Hospital regains use of aquatic center

West Valley had been held up by red tape

DALLAS -- West Valley Hospital will a dry spell of more than a year by getting back into the Dallas Aquatic Center's pools.

West Valley's therapy programs at the aquatic center had brought the city of Dallas, which owns the pool, around $1,500 per month.

But those programs ended in the fall of 2001, when state Human Services officials decided the aquatic center didn't meet hospital guidelines. Since the center didn't meet construction codes for an outpatient clinic, it did not qualify for reimbursements from Medicare or Medicaid.

The hospital is now licensed to conduct therapy at the aquatic center, Dallas City Manager Roger Jordan announced at the Jan. 6 City Council meeting.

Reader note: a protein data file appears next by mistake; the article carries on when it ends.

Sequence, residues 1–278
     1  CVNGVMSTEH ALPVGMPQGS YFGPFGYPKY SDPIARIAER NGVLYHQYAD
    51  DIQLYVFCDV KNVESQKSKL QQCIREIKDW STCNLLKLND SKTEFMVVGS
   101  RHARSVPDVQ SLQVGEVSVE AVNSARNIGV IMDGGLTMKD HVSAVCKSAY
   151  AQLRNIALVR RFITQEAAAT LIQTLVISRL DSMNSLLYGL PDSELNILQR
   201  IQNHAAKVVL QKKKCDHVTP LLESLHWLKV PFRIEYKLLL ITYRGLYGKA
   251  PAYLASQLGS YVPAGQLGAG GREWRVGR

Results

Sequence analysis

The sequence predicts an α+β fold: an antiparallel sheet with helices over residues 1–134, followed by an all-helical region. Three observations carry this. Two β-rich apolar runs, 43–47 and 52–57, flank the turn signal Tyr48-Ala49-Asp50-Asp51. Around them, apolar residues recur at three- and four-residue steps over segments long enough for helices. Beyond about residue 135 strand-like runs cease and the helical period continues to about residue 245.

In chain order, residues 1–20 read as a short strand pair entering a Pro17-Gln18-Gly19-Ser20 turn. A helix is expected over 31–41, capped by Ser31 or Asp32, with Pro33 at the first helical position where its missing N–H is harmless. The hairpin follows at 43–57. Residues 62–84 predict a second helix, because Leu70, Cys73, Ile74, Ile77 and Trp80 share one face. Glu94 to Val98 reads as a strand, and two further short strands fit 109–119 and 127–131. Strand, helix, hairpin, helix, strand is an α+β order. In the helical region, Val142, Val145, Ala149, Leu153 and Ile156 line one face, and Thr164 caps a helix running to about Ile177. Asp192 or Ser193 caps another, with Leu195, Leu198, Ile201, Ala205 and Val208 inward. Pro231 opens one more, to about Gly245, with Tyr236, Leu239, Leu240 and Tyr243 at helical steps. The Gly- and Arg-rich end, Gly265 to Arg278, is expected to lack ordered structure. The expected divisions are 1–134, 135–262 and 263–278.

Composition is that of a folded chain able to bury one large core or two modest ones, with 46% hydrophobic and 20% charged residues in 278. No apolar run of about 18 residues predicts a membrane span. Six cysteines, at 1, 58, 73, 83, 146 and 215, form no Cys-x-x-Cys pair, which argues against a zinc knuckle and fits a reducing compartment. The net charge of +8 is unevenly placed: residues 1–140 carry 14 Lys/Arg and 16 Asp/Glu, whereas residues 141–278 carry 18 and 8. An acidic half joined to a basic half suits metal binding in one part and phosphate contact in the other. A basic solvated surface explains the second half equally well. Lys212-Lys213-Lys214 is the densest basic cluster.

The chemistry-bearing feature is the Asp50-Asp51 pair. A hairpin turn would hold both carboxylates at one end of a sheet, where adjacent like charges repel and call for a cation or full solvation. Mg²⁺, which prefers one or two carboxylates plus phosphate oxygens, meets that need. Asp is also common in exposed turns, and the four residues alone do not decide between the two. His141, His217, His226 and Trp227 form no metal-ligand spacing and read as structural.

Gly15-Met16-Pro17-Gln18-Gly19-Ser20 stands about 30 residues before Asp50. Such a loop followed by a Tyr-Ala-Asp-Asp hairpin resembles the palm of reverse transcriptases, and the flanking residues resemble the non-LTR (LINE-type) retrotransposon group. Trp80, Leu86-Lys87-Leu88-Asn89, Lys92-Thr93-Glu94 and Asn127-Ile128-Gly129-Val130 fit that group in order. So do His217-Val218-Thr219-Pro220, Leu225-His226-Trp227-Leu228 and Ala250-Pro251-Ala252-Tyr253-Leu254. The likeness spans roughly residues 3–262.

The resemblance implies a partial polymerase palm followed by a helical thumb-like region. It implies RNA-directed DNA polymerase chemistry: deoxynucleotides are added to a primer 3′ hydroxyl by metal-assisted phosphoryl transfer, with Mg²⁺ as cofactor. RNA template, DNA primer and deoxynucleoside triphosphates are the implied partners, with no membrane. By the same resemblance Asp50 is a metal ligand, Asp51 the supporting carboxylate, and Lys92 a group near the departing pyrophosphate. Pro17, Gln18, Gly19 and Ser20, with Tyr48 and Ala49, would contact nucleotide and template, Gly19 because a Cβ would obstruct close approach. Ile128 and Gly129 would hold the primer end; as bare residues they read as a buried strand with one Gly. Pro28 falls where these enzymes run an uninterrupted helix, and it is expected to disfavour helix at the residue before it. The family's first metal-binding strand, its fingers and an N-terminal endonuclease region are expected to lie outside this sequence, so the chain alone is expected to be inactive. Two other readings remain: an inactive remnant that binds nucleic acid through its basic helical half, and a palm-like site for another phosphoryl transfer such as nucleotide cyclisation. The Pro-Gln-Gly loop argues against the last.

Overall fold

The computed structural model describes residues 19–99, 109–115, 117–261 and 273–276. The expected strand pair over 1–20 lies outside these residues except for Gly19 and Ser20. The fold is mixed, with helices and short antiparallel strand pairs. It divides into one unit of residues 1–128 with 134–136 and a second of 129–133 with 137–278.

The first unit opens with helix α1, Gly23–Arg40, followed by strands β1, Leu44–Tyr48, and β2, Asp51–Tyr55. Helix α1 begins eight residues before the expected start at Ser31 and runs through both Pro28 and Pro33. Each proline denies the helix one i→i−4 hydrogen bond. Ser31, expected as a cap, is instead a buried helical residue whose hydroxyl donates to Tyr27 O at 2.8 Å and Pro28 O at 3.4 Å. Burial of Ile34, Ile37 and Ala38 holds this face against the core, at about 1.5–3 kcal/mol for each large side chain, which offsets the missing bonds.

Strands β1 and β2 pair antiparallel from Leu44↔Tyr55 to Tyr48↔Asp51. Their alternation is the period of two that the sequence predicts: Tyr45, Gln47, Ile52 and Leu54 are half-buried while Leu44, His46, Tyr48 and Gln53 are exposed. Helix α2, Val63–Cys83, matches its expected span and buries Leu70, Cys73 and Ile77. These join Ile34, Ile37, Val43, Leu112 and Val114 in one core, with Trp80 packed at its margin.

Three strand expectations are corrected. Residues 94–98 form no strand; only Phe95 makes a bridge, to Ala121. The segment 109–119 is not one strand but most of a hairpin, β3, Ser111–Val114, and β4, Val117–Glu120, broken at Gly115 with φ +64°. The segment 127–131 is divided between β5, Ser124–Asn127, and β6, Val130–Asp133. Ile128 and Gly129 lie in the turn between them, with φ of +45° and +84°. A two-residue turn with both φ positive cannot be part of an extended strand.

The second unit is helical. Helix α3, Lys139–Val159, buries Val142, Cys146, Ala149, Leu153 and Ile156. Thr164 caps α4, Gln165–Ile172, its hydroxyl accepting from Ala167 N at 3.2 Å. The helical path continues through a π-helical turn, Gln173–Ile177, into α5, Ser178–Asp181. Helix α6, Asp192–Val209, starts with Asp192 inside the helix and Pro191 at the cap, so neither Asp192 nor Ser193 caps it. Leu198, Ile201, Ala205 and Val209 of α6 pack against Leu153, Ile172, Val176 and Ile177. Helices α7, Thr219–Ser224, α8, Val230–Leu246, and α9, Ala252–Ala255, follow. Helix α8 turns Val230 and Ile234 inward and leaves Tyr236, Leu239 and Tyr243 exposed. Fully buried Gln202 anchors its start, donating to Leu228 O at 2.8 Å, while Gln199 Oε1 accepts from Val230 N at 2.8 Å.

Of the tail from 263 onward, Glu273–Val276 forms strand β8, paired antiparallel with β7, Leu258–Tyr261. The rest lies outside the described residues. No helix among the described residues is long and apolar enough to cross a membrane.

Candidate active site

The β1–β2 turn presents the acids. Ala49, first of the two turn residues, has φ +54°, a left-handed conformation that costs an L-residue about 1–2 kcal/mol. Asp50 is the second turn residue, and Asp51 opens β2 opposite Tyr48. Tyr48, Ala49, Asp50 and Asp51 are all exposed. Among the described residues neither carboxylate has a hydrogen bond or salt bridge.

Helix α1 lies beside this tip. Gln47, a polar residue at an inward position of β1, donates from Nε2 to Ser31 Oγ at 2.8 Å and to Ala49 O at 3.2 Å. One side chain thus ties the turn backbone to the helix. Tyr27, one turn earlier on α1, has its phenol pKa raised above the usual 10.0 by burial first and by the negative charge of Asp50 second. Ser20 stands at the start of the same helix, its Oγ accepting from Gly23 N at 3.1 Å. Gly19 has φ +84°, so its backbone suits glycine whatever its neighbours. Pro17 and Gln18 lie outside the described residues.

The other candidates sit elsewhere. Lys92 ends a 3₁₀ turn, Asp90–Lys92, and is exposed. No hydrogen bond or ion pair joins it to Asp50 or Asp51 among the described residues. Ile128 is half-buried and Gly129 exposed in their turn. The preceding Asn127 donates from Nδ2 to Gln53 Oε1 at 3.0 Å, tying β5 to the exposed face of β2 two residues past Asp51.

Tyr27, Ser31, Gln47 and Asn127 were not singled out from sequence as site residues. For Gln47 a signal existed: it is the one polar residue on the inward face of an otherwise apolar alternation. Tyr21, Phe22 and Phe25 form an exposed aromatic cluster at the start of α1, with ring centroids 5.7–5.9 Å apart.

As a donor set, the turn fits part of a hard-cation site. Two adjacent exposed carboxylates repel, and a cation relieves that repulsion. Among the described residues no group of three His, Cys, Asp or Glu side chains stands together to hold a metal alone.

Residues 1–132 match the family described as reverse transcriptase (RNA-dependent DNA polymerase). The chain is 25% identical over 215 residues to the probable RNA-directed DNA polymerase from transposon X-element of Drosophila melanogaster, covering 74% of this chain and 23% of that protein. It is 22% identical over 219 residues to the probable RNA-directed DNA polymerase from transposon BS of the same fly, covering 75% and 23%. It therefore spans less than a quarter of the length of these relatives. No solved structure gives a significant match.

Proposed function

The Council had voted at the same meeting to create an aquatic center marketing committee. The committee will look for ways to bring in more money and swimmers.

The estimated $15,000 to $20,000 from the hospital therapy programs will help the aquatic center meet its projected budget. "It's a big part of the revenue stream," Jordan said.

"Some of us believe it can be an even bigger part. They were starting to get up to a lot of use" before the programs stopped."

Although Dallas officials are required to make minor changes to the center, including some to lockers, the building's structure will stay as is.

"Water therapy is a huge part of therapy now," Jordan said. "And for this whole area, Dallas is it."


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